The day before Rubirosa, Sinatra and the president met in Cape Cod, Sinatra had spent the afternoon at the White House with performers Danny Kay and Judy Garland, teaching the staff how to make Bloody Mary's and then sipping them out on the rear balcony that overlooks the Washington monument.

     The next day, Sinatra took the president's private plane to the Kennedy's summer home on Cape Cod with Peter and Pat Lawford, Ted Kennedy and Porfirio Rubirosa and his wife Odile. The party went sailing on the president's boat, The Honey Fitz, for three and a half hours, during which Sinatra told everyone about his trip to Italy and his meeting with the Pope. When he was finished, a drunken Peter Lawford said, "All your friends in Chicago are Italian too, huh Frank?"

     It will probably never be known what Kennedy, Sinatra and Rubirosa discussed out on the Cape, but less than a month after the meeting, John Kennedy gave CIA Director Alan Dulles the okay to assassinate Trujillo and Sam Giancana began his plans to rebuild the Dominican Republic into another pre-Castro Cuba.

     Everything was moving along smoothly, until one of Bobby Kennedy's bugs picked up on Giancana's plans to turn the Dominican Republic into another Cuba, with the White House as an unwitting co-conspirator.

     Kennedy was enraged at Giancana's gall and ordered the FBI to "lockstep" the mob boss. Wherever Giancana went, the FBI was there.

     The pressure from the lockstep got to Giancana and came to a head when Giancana and Phyllis McGuire were returning from Las Vegas to O'Hare airport. When Sam emerged from the plane, with McGuire's hat and pocketbook in hand, FBI agent Roemer "whistled and howled at the gangster and told him how pretty he looked." "That bastard," Giancana said, "started whistling and saying I was queer and everything like that. I wanted to kill him. People gathered around, we were screaming back and forth. Man oh man, it was fuckin' ridiculous....He wanted me to throw a punch, that's what he wanted, the lousy cocksucker."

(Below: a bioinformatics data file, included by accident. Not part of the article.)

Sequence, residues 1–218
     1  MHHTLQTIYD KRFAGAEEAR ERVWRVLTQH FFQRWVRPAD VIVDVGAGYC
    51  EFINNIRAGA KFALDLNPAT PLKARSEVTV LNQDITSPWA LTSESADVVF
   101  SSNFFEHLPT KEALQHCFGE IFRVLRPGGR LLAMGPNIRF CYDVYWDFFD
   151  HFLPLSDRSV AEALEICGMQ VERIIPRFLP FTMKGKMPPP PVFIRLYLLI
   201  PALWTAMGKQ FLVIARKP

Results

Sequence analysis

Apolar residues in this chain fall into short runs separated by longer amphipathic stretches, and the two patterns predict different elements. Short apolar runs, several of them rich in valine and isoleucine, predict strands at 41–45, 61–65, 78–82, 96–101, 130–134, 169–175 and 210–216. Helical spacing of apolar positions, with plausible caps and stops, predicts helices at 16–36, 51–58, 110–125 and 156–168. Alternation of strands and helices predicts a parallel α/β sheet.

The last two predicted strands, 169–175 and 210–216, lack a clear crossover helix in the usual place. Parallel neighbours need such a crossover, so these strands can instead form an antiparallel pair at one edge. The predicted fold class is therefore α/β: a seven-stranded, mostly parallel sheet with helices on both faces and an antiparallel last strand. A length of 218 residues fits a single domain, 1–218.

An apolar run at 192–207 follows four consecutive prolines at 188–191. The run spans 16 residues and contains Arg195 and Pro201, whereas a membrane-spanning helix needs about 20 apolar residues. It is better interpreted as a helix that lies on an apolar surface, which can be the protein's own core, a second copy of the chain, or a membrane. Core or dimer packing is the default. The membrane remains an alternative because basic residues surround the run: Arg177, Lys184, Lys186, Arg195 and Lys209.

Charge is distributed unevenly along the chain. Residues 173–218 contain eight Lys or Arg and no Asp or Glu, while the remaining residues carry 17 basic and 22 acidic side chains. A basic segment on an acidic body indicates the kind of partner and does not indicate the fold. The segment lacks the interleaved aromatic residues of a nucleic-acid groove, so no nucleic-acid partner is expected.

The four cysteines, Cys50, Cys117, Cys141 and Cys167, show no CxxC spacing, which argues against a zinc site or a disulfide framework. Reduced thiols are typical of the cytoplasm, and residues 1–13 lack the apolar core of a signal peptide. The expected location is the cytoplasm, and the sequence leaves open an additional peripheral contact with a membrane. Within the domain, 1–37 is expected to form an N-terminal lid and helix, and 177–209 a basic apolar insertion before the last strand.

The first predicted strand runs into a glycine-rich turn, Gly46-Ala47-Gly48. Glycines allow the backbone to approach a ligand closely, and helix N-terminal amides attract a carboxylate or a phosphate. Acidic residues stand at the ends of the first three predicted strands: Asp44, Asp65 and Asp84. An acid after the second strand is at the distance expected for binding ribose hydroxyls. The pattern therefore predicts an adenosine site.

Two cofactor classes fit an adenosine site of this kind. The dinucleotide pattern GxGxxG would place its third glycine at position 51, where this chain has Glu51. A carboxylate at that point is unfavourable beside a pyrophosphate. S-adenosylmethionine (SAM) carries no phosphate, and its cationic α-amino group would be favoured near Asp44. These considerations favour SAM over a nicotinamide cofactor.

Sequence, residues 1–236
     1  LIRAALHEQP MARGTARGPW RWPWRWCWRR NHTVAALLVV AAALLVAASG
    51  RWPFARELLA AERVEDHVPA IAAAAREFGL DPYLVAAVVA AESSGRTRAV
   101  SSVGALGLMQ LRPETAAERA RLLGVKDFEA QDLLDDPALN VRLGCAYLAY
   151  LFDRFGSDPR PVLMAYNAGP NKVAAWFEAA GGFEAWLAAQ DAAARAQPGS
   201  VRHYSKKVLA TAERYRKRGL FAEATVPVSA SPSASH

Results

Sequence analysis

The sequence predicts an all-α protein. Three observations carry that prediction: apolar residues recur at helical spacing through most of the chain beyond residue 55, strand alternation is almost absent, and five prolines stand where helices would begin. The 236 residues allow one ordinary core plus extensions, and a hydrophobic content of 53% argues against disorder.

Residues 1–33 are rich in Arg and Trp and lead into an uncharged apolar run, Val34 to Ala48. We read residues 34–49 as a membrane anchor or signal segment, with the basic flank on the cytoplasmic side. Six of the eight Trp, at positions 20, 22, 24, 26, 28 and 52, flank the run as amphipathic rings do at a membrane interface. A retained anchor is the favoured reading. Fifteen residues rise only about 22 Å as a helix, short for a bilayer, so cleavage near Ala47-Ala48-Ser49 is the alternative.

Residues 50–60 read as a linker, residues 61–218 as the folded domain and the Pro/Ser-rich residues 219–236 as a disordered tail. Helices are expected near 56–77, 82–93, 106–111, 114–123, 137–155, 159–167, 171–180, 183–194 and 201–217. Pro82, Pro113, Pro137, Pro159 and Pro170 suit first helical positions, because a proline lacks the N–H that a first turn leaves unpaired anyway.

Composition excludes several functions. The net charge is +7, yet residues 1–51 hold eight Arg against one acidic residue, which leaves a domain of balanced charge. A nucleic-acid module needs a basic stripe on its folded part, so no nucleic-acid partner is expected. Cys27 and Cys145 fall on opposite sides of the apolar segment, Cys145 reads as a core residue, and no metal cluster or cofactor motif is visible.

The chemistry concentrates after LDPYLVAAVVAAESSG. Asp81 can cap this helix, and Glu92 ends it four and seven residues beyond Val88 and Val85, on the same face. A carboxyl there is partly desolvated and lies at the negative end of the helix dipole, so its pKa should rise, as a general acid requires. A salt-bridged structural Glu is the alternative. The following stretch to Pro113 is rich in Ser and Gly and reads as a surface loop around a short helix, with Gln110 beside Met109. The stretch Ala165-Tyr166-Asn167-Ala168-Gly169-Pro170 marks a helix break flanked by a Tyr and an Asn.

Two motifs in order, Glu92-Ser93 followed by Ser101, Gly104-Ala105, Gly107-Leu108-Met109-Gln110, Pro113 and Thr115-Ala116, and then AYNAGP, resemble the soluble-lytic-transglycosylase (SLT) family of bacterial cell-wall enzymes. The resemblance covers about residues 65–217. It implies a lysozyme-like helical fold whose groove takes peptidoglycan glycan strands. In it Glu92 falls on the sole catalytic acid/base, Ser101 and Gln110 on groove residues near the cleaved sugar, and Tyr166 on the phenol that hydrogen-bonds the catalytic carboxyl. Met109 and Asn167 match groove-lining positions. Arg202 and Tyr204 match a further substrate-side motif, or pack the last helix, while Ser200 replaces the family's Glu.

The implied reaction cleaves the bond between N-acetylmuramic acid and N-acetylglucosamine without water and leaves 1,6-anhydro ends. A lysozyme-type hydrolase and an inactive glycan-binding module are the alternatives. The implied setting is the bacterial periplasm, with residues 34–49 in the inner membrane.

As Giancana and McGuire raced down the airport's hallways, the agents walking only inches away from Giancana and McGuire kept "telling me what a great ass I had," as Sam said later. Finally Giancana turned and said "Why don't you fellows leave me alone, I'm one of you?" referring to the CIA plot to kill Castro.

     "Oh really?" said FBI agent Roemer, "Come on Momo, show us badge."

     When Giancana walked away in disgust, Roemer said "Oh come on Moe, we'll show you ours if you show us yours."

     Giancana flung himself around to face the agents and screamed, "What do you want to know? Ask me. Go ahead. Anything you want to know. Go ahead."

     "OK, tell us what you do for a living."

     "That's an easy one. I own Chicago. I own Miami. I own Las Vegas."

     More words were exchanged and finally agent Roemer lost control and yelled out to the crowd that had surrounded them.

     "Sam Giancana, this slime, is the boss of the underworld here in Chicago, this slime. You people are lucky you're just passing through Chicago and you don't have to live with this jerk."

     Momo stuck his face into Roemer's and said: "Roemer you light a fire here tonight that will never go out we'll get you if it's the last thing we do!"

     The day after the airport incident, Giancana was still fuming and talking about killing FBI agent Roemer. Cooler heads prevailed and Giancana called off the contract on the agent's life.

     Tony Accardo, Giancana's boss, called off the contract, the next day.

     As for Rubirosa, in 1968 he ran his sports car, at an estimated 97 miles per hour, into a tree along the French coast and was killed instantly

Mr. Tuohy can be reached by writing to MobStudy@aol.com